Industry standards are produced by professional societies, trade associations and not-for-profit businesses and basically represent best practices developed by experts in their fields. We recognize these practices, or the symbols of the use of such standards, based upon the reputation of the organization. In fact, within the reliability and maintenance (R&M) industry we often quote these documents and say that we follow them. We do not.
Take, for instance, one of the most commonly quoted IEEE Standards used within R&M for electrical testing: IEEE Std 43-2000, “Recommended Practice for Testing Insulation Resistance of Rotating Machinery.” This standard is quoted by instrument companies, service organizations, even our own maintenance departments. Still, I could go into any facility, find someone performing an insulation ground test and get a negative answer to the following questions:
1Are you applying the correct voltage for one minute?
2Are you adjusting the resulting reading for temperature and noting the relative humidity?
3Are you discharging the winding for four times the applied time through a bleeder resistor limiting the discharge current?
4Are you following the other steps involved in 43-2000?
The point is that we think we are following specific industry standards—which are best practices—when we are not. Yet we go blazing forward, developing best practices that will not be followed, based upon our experience with industry best practices. We also can’t use the results to trend potential equipment faults, as present conditions result in non-uniform testing.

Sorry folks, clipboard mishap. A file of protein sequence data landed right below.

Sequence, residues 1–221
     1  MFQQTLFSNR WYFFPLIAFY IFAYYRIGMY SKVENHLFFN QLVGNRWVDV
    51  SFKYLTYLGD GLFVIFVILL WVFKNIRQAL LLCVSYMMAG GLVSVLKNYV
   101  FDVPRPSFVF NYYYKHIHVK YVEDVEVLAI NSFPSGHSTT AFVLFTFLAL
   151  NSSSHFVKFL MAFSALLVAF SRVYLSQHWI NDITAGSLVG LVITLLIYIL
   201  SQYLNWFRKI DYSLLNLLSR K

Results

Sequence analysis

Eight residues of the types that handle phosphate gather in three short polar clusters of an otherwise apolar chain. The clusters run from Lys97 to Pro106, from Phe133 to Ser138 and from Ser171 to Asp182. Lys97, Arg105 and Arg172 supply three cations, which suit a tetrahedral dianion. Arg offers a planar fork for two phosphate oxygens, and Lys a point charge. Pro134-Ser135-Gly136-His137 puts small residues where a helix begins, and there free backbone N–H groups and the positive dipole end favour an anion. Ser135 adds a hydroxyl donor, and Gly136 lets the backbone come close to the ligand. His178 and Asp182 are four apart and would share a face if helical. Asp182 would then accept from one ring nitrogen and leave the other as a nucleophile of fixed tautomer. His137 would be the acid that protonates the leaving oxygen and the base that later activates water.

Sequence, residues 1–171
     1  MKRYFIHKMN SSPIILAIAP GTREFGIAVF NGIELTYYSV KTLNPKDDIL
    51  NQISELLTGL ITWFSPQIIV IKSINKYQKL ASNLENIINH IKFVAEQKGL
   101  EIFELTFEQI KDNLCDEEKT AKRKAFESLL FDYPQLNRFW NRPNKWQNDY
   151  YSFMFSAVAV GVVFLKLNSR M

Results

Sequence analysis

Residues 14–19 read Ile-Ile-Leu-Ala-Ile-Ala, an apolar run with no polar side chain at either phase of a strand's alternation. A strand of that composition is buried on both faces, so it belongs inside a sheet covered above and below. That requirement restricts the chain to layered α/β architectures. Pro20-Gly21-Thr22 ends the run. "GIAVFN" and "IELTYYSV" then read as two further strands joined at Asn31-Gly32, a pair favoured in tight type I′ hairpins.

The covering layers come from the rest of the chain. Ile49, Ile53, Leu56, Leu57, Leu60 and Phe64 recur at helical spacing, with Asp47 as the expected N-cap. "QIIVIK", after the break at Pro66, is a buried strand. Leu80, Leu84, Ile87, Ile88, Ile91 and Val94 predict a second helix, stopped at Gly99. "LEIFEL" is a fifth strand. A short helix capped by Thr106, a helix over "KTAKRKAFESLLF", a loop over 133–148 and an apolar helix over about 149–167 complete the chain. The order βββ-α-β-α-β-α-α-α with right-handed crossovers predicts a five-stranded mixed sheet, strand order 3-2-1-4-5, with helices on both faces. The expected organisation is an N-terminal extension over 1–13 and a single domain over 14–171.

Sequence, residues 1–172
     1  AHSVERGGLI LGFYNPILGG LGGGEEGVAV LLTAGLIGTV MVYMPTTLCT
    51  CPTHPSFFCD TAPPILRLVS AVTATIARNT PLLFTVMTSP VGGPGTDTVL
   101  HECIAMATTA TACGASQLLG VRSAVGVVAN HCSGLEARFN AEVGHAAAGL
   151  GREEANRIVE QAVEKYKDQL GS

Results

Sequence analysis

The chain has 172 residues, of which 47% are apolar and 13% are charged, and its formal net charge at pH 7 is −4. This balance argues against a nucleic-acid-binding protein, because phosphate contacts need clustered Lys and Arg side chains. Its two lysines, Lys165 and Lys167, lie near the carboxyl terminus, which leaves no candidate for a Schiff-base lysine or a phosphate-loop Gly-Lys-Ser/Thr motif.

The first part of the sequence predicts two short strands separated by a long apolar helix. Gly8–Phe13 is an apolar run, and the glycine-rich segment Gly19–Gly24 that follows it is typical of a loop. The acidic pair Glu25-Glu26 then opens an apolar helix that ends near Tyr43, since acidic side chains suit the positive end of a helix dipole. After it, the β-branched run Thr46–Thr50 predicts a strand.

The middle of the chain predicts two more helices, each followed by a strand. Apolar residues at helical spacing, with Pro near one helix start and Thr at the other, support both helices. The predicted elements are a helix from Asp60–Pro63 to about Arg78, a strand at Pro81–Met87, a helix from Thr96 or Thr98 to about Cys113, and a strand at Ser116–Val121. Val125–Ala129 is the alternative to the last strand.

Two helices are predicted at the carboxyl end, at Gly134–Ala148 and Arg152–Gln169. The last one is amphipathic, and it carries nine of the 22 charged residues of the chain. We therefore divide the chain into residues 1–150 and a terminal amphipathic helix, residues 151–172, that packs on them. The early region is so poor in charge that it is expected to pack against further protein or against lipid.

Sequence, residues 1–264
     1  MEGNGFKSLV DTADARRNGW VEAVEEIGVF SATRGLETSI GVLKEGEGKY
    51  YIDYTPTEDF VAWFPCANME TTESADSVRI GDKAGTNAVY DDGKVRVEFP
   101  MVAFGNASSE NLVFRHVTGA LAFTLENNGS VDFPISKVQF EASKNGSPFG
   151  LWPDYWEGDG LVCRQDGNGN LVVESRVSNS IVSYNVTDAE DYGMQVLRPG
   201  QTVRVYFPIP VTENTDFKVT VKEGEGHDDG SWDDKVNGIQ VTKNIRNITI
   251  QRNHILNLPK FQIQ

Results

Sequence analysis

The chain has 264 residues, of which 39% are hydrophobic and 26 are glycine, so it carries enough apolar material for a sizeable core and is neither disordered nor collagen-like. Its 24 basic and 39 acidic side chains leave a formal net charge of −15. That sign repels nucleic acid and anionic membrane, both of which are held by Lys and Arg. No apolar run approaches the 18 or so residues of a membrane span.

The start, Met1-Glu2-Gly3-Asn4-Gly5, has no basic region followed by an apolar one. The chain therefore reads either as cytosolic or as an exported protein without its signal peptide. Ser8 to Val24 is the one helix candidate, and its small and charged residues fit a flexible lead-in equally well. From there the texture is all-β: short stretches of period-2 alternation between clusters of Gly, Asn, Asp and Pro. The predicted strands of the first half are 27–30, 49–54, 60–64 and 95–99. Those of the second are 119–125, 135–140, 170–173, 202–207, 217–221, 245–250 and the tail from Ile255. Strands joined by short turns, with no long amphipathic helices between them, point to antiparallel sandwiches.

To set up a successful environment for pursuing new best practices and trendable results around your operations, you must first nurture the organizational culture by following existing relevant standards—and understanding them to ensure that sales and marketing organizations do not mislead you. MT
Coming Next Time: Misuse of standards by sales and marketing organizations
Among other things, Howard Penrose (AKA “Motor Doc”) is the president of SUCCESS by DESIGN®, a reliability services and publishing company, and the editor-in-chief of the IEEE DEIS Web. A recognized expert, award-winning author and popular speaker, he is involved in standards development for IEEE and other organizations, and he successfully applies reliability and maintenance best practices. For more information, visit www.motordoc.com